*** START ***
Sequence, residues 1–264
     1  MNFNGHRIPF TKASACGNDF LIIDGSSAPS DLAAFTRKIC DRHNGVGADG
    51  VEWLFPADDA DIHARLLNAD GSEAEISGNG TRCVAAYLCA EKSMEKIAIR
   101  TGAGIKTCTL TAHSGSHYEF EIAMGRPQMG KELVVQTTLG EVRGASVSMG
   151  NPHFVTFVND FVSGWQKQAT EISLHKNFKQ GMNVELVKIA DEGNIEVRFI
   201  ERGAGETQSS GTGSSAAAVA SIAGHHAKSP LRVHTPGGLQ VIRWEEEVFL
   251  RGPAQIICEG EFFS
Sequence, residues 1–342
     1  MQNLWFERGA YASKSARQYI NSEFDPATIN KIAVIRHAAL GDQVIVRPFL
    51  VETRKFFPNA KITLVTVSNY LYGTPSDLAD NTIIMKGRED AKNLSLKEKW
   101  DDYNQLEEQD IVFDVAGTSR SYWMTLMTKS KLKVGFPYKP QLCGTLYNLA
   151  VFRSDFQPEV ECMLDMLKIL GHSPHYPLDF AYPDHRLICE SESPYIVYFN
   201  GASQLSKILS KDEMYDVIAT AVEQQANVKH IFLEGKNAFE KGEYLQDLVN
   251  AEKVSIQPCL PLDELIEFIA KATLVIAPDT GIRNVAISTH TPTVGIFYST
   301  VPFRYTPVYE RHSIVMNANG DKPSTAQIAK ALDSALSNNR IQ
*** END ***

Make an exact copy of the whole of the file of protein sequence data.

Sequence, residues 1–264
     1  MNFNGHRIPF TKASACGNDF LIIDGSSAPS DLAAFTRKIC DRHNGVGADG
    51  VEWLFPADDA DIHARLLNAD GSEAEISGNG TRCVAAYLCA EKSMEKIAIR
   101  TGAGIKTCTL TAHSGSHYEF EIAMGRPQMG KELVVQTTLG EVRGASVSMG
   151  NPHFVTFVND FVSGWQKQAT EISLHKNFKQ GMNVELVKIA DEGNIEVRFI
   201  ERGAGETQSS GTGSSAAAVA SIAGHHAKSP LRVHTPGGLQ VIRWEEEVFL
   251  RGPAQIICEG EFFS
Sequence, residues 1–342
     1  MQNLWFERGA YASKSARQYI NSEFDPATIN KIAVIRHAAL GDQVIVRPFL
    51  VETRKFFPNA KITLVTVSNY LYGTPSDLAD NTIIMKGRED AKNLSLKEKW
   101  DDYNQLEEQD IVFDVAGTSR SYWMTLMTKS KLKVGFPYKP QLCGTLYNLA
   151  VFRSDFQPEV ECMLDMLKIL GHSPHYPLDF AYPDHRLICE SESPYIVYFN
   201  GASQLSKILS KDEMYDVIAT AVEQQANVKH IFLEGKNAFE KGEYLQDLVN
   251  AEKVSIQPCL PLDELIEFIA KATLVIAPDT GIRNVAISTH TPTVGIFYST
   301  VPFRYTPVYE RHSIVMNANG DKPSTAQIAK ALDSALSNNR IQ